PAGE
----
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Fab Labs Give Kids First-Hand Experience with Manufacturing Technology

Wisconsin's Fab Lab Grant Program funds school districts to purchase advanced manufacturing technology. Since 2015, it has provided $4.5 million to 118 districts.
May 31, 2024

Young people in the Dairy State are getting hands-on experience with advanced manufacturing technology thanks to the Fab Lab Grant Program, funded through the Wisconsin Economic Development Corporation (WEDC), a public-private agency that supports industry innovation and workforce talent in the state. 

Since the grant’s inception in 2015, 118 school districts in Wisconsin have received $4.5 million to purchase equipment such as 3D printers, laser engravers, CNC machines, and plasma cutters. In 2024, 18 school districts will receive over $493,000 in grant funds.  

Missy Hughes, CEO and secretary of the WEDC, says the Fab Lab Grant Program’s goal is to prepare the next generation of innovators, entrepreneurs, and advanced manufacturers. Grant recipients are required to develop partnerships with the community and area businesses and keep the labs available for community use. Through their experiences with local companies and the lab equipment, students get a taste of numerous career and educational pathways, which helps when it’s time for them to make choices about higher education and/or career training. 

“The equipment, curriculum, and partnerships between schools and businesses allow students to leave high school ready for a career in manufacturing if they want it,” says Hughes. “For other students, these labs are an opportunity for them to build and invent. The next big innovation could be created in a school Fab Lab.” 

The support for manufacturing education for young people in Wisconsin is a natural given that the state is home to more than 9,000 manufacturers and more than 470,000 people work in the industry. The Fab Lab Network, which started at Massachusetts Institute of Technology two decades ago, is now a global phenomenon, with 2,500 centers across 125 countries.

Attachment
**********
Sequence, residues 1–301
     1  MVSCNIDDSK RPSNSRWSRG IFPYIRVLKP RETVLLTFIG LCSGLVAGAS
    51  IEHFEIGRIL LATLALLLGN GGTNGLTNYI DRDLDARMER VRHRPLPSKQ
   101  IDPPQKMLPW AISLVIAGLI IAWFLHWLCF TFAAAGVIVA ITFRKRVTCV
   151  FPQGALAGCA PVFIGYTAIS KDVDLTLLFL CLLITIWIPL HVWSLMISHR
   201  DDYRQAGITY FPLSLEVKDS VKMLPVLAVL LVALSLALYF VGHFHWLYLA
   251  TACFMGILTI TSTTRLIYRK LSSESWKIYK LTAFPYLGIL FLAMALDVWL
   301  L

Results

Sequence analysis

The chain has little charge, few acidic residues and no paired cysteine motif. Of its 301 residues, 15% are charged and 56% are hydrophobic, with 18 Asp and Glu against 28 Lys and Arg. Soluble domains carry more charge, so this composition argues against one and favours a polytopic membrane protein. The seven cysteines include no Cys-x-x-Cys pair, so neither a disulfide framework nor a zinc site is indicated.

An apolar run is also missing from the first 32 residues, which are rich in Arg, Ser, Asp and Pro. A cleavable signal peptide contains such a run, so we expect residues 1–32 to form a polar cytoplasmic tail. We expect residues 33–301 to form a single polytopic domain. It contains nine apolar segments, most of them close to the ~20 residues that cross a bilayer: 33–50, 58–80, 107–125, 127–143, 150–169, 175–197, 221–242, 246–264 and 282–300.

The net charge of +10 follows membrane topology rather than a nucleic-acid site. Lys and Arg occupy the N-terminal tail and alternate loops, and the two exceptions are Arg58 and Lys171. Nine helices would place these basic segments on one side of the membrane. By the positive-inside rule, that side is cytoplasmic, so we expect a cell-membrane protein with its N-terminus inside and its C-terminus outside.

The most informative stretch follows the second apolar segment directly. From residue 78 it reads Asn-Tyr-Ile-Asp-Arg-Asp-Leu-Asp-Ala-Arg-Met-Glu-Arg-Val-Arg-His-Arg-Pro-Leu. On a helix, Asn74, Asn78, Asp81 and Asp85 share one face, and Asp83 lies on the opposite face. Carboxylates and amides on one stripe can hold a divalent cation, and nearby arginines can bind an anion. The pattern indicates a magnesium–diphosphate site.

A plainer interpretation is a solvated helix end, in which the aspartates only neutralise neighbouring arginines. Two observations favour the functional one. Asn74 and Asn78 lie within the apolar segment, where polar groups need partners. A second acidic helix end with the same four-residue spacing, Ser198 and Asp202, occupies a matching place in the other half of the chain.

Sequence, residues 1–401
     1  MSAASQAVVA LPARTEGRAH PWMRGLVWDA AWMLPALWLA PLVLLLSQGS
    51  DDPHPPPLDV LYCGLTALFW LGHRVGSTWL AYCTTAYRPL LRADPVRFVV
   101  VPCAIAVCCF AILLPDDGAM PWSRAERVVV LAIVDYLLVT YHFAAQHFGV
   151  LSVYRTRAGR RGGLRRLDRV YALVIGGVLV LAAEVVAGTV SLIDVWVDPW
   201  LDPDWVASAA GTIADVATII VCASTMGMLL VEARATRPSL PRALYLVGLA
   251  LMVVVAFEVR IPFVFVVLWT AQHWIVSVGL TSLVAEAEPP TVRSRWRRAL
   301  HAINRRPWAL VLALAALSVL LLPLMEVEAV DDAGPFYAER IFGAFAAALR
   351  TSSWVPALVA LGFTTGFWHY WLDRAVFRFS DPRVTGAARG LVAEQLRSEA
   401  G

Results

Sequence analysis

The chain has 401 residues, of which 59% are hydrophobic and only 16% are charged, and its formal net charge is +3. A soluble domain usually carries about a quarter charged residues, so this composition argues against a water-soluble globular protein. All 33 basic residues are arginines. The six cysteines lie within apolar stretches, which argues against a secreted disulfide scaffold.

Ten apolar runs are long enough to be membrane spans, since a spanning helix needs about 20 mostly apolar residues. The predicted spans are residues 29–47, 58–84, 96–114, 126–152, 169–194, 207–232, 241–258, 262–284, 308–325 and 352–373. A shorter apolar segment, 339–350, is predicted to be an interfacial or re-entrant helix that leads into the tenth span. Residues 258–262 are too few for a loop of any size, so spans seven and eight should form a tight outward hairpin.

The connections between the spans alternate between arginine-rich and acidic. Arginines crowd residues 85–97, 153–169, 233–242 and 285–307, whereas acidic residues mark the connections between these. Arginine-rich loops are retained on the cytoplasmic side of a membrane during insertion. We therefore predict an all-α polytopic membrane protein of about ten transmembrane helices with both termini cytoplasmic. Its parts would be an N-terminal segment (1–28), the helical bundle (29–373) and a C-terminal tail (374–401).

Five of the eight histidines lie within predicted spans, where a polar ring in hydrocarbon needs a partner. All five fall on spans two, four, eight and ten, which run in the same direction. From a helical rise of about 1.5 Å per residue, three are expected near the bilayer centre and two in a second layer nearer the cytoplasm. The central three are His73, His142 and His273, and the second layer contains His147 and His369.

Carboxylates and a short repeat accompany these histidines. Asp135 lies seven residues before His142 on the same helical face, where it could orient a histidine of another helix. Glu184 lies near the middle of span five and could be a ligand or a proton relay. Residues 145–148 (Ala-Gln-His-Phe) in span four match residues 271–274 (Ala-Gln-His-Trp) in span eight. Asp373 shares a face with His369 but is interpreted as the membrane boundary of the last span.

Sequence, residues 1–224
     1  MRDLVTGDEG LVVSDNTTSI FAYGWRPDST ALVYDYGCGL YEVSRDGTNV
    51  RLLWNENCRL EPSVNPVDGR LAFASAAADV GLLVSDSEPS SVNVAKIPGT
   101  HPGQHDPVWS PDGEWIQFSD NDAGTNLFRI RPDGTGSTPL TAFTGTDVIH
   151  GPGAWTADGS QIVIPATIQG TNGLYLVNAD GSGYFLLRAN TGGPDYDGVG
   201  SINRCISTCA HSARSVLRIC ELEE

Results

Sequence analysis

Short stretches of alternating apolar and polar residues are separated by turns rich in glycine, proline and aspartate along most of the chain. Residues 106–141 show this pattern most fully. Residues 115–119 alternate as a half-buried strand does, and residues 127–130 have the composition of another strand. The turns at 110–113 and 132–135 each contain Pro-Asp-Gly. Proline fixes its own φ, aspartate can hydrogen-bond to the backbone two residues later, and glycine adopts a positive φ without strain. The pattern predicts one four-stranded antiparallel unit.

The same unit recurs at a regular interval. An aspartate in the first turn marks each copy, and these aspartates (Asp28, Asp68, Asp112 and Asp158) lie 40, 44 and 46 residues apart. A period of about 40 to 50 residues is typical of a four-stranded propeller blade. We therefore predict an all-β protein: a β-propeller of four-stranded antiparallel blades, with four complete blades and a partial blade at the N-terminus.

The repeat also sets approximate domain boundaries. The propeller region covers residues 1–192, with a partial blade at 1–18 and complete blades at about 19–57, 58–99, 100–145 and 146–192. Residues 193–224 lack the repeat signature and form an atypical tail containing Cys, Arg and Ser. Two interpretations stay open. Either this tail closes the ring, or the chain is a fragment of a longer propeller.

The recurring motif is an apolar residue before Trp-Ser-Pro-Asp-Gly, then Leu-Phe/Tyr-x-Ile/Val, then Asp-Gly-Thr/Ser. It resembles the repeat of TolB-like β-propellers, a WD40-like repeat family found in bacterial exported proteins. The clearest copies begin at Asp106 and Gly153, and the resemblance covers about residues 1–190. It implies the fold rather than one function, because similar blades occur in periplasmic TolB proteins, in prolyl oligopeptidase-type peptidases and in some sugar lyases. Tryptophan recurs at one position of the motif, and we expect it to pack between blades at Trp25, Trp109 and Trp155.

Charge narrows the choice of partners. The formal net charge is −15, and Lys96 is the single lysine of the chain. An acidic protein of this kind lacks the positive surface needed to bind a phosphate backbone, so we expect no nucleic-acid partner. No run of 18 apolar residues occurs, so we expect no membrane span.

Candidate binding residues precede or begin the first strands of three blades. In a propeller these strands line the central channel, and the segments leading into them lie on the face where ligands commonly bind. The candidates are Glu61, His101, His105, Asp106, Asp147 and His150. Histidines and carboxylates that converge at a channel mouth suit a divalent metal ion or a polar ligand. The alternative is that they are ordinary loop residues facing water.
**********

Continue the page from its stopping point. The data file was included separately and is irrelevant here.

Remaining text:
Manufacturing tech for teens 

One 2023 Wisconsin grant winner is the school district of Stoughton, a rural area 20 miles southeast of the state capital, Madison. After 35 years as an engineering specialist career at Cummins Engines, Mike Connor founded the second Fab Lab in the nation, Stoughton Fab Lab. Now he volunteers there as a teacher for STEM education, mechanical engineering, and grant writing. The lab offers courses to high school students, workshops for community members, and summer classes for middle-school students. For each skill they learn, students earn digital badges (aka micro-credentials) that are recognized by some schools and employers. 

With the state grant money, Connor chose to purchase four 3D printers that can run nylon, EVA cartridges, PLA filament, and carbon fiber composites. A local filament maker donates aluminum, bronze, and PLA filament rolls to the Stoughton Fab Lab upon request. 

The lab is decked out with student-friendly manufacturing software and machines, including: